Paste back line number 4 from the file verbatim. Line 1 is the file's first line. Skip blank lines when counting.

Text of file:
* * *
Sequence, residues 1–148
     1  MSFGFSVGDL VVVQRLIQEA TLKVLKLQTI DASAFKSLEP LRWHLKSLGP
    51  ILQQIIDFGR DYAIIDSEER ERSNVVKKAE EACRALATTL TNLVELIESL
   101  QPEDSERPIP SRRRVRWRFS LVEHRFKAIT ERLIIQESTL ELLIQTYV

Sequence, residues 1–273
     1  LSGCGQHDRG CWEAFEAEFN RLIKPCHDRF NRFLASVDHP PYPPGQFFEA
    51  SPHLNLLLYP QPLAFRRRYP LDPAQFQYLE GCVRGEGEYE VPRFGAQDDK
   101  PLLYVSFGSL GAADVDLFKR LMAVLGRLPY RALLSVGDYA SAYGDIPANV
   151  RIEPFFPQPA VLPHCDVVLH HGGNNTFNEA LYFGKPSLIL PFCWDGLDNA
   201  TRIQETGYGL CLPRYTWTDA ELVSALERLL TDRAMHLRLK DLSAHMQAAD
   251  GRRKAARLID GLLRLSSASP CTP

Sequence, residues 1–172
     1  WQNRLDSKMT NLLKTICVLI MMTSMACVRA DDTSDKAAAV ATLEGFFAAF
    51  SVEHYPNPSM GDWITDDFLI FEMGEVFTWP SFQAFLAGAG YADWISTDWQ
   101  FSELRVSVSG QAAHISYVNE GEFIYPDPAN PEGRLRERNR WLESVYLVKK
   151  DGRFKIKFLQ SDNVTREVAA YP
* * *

   101  QPEDSERPIP SRRRVRWRFS LVEHRFKAIT ERLIIQESTL ELLIQTYV